Members of the PRIOAM team are listed in the Appendix.
Global impact of an educational antimicrobial stewardship programme on prescribing practice in a tertiary hospital centre
Article first published online: 20 MAR 2013
© 2013 The Authors Clinical Microbiology and Infection © 2013 European Society of Clinical Microbiology and Infectious Diseases
Clinical Microbiology and Infection
Volume 20, Issue 1, pages 82–88, January 2014
How to Cite
Clin Microbiol Infect 2014; 20: 82–88
- Issue published online: 18 DEC 2013
- Article first published online: 20 MAR 2013
- Accepted manuscript online: 27 FEB 2013 08:43AM EST
- Manuscript Revised: 10 FEB 2013
- Manuscript Accepted: 10 FEB 2013
- Manuscript Received: 12 OCT 2012
- Regional Health Ministry of Andalucía. Grant Number: PI-0361
- Antibiotic usage;
- antimicrobial control policies;
- educational programmes
The misuse of antibiotics has been related to increased morbidity, mortality and bacterial resistance. The development of antimicrobial stewardship programmes (ASPs) has been encouraged by scientific societies as an essential measure.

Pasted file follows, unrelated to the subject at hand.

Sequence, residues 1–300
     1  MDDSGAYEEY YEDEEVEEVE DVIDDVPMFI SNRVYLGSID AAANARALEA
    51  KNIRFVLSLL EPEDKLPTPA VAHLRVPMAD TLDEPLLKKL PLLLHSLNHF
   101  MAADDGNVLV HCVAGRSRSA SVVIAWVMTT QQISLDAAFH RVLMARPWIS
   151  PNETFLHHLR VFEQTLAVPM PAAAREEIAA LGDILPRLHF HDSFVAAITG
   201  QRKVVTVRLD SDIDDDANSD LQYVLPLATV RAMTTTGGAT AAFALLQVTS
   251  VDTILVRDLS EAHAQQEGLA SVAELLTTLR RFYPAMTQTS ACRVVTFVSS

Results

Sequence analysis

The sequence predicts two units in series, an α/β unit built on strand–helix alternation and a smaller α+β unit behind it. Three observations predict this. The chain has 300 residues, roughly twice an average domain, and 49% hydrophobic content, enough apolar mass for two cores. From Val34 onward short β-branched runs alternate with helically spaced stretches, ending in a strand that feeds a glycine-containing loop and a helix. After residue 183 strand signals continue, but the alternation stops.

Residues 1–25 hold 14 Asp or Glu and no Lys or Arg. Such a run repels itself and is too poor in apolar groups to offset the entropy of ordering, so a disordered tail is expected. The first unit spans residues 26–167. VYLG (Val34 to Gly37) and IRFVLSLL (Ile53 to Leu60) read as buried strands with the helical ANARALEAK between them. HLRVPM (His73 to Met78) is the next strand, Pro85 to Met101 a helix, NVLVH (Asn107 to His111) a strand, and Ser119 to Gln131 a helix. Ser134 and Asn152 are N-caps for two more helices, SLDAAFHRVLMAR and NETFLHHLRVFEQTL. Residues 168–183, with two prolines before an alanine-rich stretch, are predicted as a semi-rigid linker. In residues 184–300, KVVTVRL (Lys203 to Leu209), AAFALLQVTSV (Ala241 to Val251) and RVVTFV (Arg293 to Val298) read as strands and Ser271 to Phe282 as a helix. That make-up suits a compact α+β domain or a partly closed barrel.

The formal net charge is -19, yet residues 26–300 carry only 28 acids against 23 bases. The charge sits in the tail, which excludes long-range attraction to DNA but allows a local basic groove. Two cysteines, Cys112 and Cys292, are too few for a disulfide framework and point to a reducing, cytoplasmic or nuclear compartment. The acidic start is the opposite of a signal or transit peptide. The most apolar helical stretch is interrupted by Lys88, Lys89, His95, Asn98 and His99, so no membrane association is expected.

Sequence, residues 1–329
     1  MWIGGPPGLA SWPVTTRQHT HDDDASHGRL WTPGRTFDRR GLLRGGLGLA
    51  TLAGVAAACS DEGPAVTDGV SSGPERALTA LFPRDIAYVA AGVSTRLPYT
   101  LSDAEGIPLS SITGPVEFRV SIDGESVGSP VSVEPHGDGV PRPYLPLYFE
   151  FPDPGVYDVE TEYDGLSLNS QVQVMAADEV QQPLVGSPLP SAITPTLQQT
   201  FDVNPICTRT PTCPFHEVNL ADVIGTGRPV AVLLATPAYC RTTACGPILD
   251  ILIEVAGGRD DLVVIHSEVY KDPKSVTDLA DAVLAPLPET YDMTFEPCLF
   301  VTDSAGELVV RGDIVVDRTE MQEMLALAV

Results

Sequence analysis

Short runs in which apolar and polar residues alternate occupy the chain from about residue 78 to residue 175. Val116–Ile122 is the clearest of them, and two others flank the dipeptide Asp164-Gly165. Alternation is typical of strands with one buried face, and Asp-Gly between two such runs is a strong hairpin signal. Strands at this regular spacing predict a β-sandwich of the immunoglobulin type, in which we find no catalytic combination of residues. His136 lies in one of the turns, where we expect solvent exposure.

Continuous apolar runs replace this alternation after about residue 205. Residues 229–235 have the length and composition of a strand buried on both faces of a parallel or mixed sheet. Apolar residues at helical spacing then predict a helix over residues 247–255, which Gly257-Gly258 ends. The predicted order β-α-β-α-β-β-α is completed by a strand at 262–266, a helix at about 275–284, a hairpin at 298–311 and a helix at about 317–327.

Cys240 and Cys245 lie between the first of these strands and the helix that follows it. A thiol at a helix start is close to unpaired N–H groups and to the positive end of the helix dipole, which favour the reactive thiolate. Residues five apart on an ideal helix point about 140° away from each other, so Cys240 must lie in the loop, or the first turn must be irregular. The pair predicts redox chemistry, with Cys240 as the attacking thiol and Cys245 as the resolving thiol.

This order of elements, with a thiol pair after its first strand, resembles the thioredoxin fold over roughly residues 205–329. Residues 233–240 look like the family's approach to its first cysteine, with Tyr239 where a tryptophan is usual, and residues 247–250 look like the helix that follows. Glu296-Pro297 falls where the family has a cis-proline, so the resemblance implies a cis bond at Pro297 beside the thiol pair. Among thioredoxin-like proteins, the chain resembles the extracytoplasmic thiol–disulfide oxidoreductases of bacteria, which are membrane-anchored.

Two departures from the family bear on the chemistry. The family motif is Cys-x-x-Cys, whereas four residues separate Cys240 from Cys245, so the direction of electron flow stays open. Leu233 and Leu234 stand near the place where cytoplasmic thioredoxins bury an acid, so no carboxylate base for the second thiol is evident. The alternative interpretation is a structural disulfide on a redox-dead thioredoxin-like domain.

An educational, institutionally supported ASP was developed in our tertiary-care centre. Local guidelines on the management of infectious syndromes were created. Antimicrobial prescriptions were chosen arbitrarily weekly and counselling interviews by expert clinicians were carried out, using a paedagogic, non-restrictive methodology. Satisfaction with the interview was assessed using anonymous questionnaires. The appropriateness of antimicrobial prescriptions as well as consumption was assessed prospectively throughout the year. Feedback regarding the correct use of treatments was communicated to each participating department periodically. The improvement in antimicrobial prescription was included among the annual objectives linked to economic incentives in every department.
A total of 1206 counselling interviews were carried out during the first year. Fifty-three per cent of antimicrobial prescriptions (176/332) were inappropriate when the programme started. The rate of inappropriate prescriptions continuously declined to 26.4% (107/405) in the fourth trimester (p <0.001; RR = 0.38; 95% CI, 0.23–0.43). Antimicrobial consumption decreased from 1150 defined daily doses (DDDs) per 1000 occupied bed-days in the first trimester to 852 DDDs in the fourth, reflecting a reduction in antimicrobial expenditures of 42%. A total of 352 satisfaction questionnaires were received and 98% described the advice as positive.
In conclusion, the implementation of an education-based ASP achieved a significant improvement in all antimicrobial prescriptions in the centre and a reduction in antimicrobial consumption, even when no restrictive measures were implemented. The programme was highly accepted by all prescribers.